By Peter Henderson
INVERNESS, California (Reuters) - In the famously liberal and prosperous enclave of Marin County, California, environmentalists and local food fans usually line up on the same side of any given cause. The oyster, however, has managed to cleave them far apart.
The U.S. government sided with environmental groups on Thursday with its decision to shut down a 40-year-old Northern California oyster farm in an attempt to restore wilderness.
Secretary of Interior Ken Salazar said he would not renew the lease for the weatherbeaten shacks, oyster shell mounds and waterlogged docks that make up Drakes Bay Oyster Company.
The lease ends Friday, and then Drakes Estero in Point Reyes National Seashore, an hour north of San Francisco, will be turned into the West Coast's only designated marine wilderness outside Alaska.
Harbor seals, birds and native grasses are expected to reclaim the property, four decades after a collection of local ranches and oyster farmers agreed to sell their land to the government, rather than developers, in exchange for long-term leases. The Interior Department will renew leases on cattle operations.
Workers on a small dock crowded with oyster crates, a power drill to separate mollusks, and a rickety conveyor belt, cried openly after Salazar called owner Kevin Lunny in the morning with the news. A third generation cattle-rancher, Lunny took over the oyster company lease seven years ago and had hoped to renew it.
California is wrestling with how to have its wilderness and its freshly grown local food too, issues at the heart of the oyster war. "Sustainable" is the popular catch phrase in the state, adding the notion that food production needs to work long-term - and be profitable - to the "organic" manifesto of chemical-free farming.
But the lofty goals, which fit the bill of high-end San Francisco restaurants, don't go down so well with environmentalists who say there are places one cannot compromise.
'SERIOUS, IRREPARABLE HARM? NO'
Oyster joints, from roadside dives to upscale zinc bars, are thriving in California and Drakes has helped meet demand with 450,000 pounds (204,100 kg) of oyster meat annually. Environmentalists say production from other parts of the state will compensate for the Drakes oysters, but Lunny expects increased supplies from Asia.
Lunny lamented that "we could have had a powerful discussion," about "working landscapes and sustainability" versus "hands off preservation of wilderness." But attempts at that conversation were overshadowed by a bitter fight over the science about whether the oyster farm hurt the estuary.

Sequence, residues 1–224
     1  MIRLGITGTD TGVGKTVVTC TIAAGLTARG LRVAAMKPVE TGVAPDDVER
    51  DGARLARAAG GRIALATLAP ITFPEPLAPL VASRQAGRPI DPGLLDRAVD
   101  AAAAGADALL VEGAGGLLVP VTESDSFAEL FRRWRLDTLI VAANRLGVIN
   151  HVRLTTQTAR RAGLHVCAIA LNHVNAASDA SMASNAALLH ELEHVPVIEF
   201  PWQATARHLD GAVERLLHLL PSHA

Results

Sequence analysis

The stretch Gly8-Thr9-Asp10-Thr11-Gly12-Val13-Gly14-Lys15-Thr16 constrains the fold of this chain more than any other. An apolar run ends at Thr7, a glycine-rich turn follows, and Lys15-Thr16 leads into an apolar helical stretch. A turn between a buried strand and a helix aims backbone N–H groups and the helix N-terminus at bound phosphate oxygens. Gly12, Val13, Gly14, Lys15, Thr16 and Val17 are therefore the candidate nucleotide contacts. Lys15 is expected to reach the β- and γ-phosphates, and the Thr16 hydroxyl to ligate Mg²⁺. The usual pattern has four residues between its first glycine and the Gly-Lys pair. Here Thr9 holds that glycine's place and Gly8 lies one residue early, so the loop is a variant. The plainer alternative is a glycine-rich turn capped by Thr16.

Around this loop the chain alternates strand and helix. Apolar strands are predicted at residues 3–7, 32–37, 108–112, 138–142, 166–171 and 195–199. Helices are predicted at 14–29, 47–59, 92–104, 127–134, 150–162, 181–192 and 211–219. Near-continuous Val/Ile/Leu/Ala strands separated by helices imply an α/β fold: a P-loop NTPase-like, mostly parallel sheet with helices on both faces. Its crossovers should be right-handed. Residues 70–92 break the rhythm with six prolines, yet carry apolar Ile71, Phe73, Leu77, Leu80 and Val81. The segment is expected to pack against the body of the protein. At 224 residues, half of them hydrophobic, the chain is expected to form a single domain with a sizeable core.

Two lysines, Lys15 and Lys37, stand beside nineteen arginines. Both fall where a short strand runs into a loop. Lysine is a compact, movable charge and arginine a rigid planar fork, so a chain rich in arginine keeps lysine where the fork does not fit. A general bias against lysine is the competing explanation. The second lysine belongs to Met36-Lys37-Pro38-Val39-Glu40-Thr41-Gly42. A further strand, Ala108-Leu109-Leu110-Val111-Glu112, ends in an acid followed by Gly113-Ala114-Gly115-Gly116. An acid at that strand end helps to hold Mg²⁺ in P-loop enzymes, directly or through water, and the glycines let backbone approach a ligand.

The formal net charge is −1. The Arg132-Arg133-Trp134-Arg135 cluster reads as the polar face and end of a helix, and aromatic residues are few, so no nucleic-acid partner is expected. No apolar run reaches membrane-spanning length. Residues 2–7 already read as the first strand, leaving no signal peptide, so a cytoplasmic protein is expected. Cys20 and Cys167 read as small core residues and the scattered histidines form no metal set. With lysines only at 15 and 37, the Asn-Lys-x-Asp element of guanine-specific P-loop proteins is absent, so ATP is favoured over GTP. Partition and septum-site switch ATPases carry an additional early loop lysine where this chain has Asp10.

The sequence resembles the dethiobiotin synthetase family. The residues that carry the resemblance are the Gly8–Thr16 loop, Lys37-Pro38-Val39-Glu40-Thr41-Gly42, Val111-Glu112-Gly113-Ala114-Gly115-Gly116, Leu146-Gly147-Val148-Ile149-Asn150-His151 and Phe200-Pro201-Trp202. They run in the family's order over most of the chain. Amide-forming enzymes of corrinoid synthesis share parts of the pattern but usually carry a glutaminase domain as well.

Sierra Club Deputy Executive Director Bruce Hamilton agreed the fight was unfortunately nasty and the science less clear than either side suggested.
"There is harm," said Hamilton. "Is it serious, irreparable harm? No. But you can't put that many motor boats and that many exotic oysters and not have some harm."
For the Sierra Club, the matter was simple - you can't have an oyster operation in a wilderness.
"National parks are not places where you authorize private use of public lands," agreed National Parks Conservation Association Associate Director Neal Desai, one of the leaders of the effort to end the lease.
OYSTERS LEFT IN BED
His sentiment was echoed in the vast majority of tens of thousands of comments submitted to the National Parks Service.
Plenty of locals sided with the environmentalists, but some were concerned about the loss of tradition, jobs and good food.
"Devastating. Devastating," said Linda Sturdivant, who had been a caretaker for a former owner and said the Lunnys cleaned up "a real dive."
Self-described "treehugger" Todd Board, picking up oysters at the farm store, said that agriculture and environment had to coexist - or the environment would lose. "Of all entities, the Sierra Club is not seeing the forest for the trees," he said.
Salazar gave the oyster company 90 days to pack up. "The Estero is one of our nation's crown jewels, and today we are fulfilling the vision to protect this special place for generations to come," he said in a release.
Out on the dock, the Lunny family was stunned but seemed more inclined to fight than leave, if they could only figure out how. "We're not finished," Lunny told his workers.
His son, Sean, 24, a fourth-generation rancher aiming to become a second-generation oyster farmer, said the slate gray water still teemed with his family's work. "I just know that we have three years of oysters out there," he said.
(Additional reporting by Ronnie Cohen; Editing by Mary Milliken and Eric Walsh)